Time is inversely proportional to space
The less space you have for a task, the more time it will take to finish. I assembled all of the Pianocades in my apartment. Every spare bit of space was filled with parts, with boxes literally stacked to the ceilings. When I needed something from a box on the bottom (or the top or the middle, for that matter), everything needed to be rearranged. That takes time. Furthermore, all of the clutter also meant that I could only work on a couple of units at a time, which meant that I couldn’t take full advantage of assembly-line techniques, which also slowed everything down.
“Small” means a few things here: physical size (see the previous paragraph), complexity (see the entire rest of this post), and also number of units.
I originally wanted to do a Kickstarter campaign. I had dreams of far exceeding my goals, selling hundreds of synthesizers, and it all being awesome. My friend and business advisor Henry Faber urged me to take my own preorders so I could keep things small, work out the kinks, and grow at my own pace. I only listened because I wasn’t given a choice: Kickstarter doesn’t allow projects based outside the United States, and I couldn’t make an American partner work. Boy, was I lucky. Doing around 100 units was hard; I shudder to think about what it would’ve been like to do more.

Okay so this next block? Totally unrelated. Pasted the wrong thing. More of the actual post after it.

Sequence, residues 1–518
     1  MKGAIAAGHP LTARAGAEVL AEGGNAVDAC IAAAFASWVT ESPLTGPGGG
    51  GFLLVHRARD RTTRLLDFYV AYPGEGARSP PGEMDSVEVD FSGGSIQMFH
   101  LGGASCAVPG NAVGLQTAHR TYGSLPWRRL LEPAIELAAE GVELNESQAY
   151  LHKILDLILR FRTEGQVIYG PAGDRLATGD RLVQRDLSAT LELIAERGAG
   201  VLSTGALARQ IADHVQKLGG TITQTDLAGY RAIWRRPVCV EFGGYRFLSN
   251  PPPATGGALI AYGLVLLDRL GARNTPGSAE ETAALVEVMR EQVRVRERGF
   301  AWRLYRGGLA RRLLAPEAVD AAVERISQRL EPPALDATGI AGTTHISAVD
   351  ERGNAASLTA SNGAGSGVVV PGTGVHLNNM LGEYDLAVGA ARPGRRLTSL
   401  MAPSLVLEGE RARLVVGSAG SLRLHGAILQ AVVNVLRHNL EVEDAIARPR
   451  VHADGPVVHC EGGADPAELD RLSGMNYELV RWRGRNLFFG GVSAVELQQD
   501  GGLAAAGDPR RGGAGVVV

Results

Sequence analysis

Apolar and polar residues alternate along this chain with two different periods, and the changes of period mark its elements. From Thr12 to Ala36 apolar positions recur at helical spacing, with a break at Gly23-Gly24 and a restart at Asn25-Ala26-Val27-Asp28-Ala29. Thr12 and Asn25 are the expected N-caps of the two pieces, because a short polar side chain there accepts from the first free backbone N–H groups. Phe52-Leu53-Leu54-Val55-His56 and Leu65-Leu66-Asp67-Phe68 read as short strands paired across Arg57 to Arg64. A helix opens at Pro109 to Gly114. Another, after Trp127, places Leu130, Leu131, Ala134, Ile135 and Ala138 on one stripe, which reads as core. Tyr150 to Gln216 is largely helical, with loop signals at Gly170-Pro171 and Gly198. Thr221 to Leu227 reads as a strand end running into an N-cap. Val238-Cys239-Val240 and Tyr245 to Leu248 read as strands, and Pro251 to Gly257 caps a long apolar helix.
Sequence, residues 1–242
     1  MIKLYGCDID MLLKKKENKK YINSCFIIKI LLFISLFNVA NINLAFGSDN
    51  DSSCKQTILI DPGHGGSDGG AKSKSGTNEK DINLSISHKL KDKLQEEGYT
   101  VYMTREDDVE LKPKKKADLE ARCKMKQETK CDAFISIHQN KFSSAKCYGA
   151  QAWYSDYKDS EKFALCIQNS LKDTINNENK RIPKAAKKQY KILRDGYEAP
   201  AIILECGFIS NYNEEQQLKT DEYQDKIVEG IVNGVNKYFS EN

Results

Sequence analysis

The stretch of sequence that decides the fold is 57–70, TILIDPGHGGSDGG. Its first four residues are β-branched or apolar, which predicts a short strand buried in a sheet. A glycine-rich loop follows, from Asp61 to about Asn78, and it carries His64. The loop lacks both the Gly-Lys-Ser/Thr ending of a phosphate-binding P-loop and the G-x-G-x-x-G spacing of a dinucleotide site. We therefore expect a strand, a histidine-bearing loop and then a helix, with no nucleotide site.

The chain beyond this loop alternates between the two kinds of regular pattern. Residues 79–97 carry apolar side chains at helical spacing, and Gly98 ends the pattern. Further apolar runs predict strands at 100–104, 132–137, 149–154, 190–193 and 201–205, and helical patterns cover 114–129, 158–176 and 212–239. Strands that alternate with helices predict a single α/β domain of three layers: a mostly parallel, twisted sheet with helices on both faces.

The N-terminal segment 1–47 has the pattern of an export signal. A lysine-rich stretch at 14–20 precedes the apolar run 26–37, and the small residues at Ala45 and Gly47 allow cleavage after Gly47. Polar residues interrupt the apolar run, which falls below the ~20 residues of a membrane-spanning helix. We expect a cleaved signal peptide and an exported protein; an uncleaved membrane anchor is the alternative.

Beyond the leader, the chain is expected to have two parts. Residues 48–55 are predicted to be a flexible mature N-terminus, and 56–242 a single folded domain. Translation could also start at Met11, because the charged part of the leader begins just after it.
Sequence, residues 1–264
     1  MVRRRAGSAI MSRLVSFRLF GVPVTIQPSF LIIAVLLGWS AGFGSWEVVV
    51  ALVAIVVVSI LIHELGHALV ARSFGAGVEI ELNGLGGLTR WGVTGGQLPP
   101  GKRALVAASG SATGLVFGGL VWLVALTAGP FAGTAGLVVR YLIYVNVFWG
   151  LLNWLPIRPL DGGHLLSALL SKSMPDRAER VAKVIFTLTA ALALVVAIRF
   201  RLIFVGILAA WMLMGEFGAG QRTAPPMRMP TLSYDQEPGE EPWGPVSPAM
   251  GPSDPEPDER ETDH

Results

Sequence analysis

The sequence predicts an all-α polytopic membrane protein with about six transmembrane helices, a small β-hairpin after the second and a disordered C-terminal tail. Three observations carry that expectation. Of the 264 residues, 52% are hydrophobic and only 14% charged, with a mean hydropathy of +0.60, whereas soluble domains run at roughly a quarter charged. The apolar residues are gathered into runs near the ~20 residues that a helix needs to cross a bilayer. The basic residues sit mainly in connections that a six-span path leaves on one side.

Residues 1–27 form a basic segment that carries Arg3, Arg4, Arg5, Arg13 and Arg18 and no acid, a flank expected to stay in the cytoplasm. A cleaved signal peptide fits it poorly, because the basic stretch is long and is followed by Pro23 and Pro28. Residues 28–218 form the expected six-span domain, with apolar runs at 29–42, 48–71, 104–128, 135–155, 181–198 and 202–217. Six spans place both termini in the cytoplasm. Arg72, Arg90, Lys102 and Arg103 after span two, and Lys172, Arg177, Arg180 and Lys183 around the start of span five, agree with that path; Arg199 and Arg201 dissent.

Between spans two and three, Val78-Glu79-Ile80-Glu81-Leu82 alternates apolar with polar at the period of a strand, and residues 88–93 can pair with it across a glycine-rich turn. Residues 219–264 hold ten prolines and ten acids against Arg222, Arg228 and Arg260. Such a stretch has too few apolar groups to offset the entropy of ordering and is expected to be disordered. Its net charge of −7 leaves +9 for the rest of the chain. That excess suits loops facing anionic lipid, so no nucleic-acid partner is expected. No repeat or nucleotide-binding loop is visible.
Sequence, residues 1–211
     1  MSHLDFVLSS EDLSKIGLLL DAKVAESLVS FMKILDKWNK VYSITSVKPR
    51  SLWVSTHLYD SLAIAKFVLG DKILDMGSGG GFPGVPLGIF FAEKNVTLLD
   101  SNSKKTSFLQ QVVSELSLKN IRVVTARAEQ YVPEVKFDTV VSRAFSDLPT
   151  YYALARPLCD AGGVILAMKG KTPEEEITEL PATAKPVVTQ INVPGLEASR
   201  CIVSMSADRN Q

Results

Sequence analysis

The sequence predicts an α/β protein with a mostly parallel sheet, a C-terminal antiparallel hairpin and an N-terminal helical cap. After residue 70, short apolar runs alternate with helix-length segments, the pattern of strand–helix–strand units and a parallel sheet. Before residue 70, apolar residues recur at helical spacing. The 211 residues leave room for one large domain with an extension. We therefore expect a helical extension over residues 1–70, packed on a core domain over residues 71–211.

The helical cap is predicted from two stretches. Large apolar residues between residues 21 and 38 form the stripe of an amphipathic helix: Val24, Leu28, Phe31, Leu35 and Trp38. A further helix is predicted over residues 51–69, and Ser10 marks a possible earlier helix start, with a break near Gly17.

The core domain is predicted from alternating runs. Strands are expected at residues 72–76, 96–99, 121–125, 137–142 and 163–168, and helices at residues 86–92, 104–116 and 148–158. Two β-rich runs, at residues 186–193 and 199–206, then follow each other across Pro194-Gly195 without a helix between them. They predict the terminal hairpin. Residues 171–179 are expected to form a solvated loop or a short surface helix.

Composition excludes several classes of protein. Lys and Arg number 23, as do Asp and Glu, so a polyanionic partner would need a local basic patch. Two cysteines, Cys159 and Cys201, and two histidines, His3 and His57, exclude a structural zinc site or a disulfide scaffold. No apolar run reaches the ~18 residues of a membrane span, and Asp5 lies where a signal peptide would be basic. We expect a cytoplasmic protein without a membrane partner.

My customers are awesome
Not all the lessons were so harsh: every time I announced a new delay I got multiple messages from my customers. They weren’t complaining, though: they were voicing their support. I couldn’t believe how nice everyone was about it! People were genuinely enthusiastic about supporting a one-man boutique business. Now, I’m not saying that I will rely on the goodwill of my customers in the future, but it was still awfully nice.
My friends are awesome
Do not start your first business at the same time that you have your first baby (or My wife is awesome)
This one should have been a no-brainer. In my defence, I had planned on shipping before my son was born, but delays in the launch meant that everything kind of happened at once. It would’ve been wise to have delayed the launch, but I was not wise. (On the other hand, if you wait for the perfect time to do something terrifying, it won’t ever happen.)
I can now tell you from experience that being up all night with a baby does not mix well with assembling electronics all day. Thankfully, I have a very supportive wife who never got too angry at me for spending time working on the Pianocade instead of helping raise my son. On the bright side, we miraculously managed to avoid getting spit-up on any Pianocades!
Entrepreneurship is just another set of problems to solve
I worried that I would hate running a business, and, much to my surprise, I didn’t (although I did hate aspects of it); In the end, it’s just an interesting new set of problems to solve, and for me, problem solving is part of the fun.
I could write endlessly about the experience, but I think those are some of the most important lessons I took out of this. If you’re interested, I’m happy to discuss more in the comments, or you can get in touch privately.